The open source drivers mostly can't handle the mpeg2/mpeg4 acceleration, and without that the Epias collapse when you try to watch some higher resolution video. That makes them quite unsuitable for living room usage, which is a shame because they could make excellent HTPCs. With better drivers the better Epia boards could handle HD video just fine..

    • Amen!
      They may even expirience a small sales boost when all the linux enthusiasts and integrators can finally build their HTPCs around VIA-boards.

    • Re: (Score:3, Interesting)

      by billybob2 ( 755512 )
      Even with the released documentation, we also need a good leader like Harald Welte to bring together the OpenChrome [] and UniChrome [] developers to work on the same codebase. Right now the split effort is really wasteful.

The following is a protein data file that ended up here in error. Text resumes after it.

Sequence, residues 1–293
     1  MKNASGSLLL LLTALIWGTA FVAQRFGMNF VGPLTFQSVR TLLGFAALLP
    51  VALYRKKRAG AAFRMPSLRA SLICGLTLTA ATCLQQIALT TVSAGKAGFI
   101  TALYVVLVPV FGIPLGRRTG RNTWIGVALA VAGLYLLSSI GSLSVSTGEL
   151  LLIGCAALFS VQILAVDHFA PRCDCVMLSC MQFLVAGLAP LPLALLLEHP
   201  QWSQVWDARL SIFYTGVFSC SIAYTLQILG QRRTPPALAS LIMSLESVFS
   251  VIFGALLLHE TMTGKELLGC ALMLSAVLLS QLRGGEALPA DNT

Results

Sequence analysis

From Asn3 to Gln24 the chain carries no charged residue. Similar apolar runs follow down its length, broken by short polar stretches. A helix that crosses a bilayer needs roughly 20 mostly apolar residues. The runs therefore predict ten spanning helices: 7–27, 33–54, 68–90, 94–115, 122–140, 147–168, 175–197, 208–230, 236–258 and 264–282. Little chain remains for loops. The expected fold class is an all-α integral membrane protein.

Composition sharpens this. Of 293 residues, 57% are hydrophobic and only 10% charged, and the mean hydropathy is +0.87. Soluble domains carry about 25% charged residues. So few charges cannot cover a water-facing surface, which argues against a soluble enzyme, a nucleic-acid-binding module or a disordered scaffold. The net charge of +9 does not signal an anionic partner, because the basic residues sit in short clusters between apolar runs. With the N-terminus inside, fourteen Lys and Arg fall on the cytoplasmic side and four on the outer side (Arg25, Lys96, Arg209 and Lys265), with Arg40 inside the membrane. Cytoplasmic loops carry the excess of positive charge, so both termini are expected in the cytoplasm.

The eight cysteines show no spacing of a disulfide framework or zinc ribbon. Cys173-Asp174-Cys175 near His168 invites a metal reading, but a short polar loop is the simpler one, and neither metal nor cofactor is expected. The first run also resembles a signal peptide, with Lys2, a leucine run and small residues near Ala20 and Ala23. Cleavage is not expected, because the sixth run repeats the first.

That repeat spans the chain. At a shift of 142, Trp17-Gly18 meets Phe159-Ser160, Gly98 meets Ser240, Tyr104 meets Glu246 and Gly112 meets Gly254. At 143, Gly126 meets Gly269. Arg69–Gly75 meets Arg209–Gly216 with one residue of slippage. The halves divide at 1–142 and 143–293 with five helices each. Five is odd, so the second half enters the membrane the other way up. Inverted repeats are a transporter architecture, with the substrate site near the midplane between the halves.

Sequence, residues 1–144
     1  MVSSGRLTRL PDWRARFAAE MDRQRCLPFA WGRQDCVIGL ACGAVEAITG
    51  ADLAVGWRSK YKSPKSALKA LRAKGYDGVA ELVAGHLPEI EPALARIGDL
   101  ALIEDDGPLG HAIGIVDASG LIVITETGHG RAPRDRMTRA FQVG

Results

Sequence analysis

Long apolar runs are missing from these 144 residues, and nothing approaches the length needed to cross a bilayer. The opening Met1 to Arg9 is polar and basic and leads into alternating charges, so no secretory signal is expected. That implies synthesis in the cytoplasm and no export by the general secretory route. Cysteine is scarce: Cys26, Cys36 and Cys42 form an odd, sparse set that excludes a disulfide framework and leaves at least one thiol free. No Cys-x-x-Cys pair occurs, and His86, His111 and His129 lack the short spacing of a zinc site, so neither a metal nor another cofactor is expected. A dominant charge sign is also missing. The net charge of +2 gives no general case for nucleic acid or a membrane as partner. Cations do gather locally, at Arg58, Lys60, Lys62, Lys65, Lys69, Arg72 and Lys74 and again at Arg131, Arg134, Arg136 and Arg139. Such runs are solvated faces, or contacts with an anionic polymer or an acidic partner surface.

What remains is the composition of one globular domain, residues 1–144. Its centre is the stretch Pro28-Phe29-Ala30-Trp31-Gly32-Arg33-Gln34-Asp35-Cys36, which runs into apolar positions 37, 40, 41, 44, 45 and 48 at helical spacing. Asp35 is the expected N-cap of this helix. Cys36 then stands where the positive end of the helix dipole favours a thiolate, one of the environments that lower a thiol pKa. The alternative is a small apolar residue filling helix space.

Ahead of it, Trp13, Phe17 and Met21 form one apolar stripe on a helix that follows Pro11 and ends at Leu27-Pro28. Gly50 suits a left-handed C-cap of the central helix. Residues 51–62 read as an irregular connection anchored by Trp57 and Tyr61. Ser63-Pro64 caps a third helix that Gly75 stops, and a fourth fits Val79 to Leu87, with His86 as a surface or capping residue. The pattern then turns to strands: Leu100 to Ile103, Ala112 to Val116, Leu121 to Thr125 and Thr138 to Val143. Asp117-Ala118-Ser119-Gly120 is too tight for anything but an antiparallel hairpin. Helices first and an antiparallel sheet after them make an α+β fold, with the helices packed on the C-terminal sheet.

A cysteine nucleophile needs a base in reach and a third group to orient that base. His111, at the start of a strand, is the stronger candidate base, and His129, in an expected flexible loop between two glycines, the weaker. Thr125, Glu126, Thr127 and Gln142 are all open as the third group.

• by Two9A ( 866100 )

      Most definitely. I've just spent two days grappling with the Unichrome driver for X, trying to get it to play video. Of course, the first time I try to play a video file, X crashes and takes IRQ #11 with it, taking the Ethernet chip offline.

      So, I'd welcome better support for the CLE266, personally ;)

    • Re: (Score:3, Insightful)

      by Yfrwlf ( 998822 )
      I'd most like to see acceleration for the open source codecs like Vorbis, Snow, Dirac, and others, but mpeg is better than nothing.
    • Amen!! When I saw how much power I had to draw to do CPU decoding of HD and STILL have stuttering, I retired it in favor of having more time to spend with my newborn. That was 18 months ago. I was sure that the scene would be better by now, but it is not. It's very sad.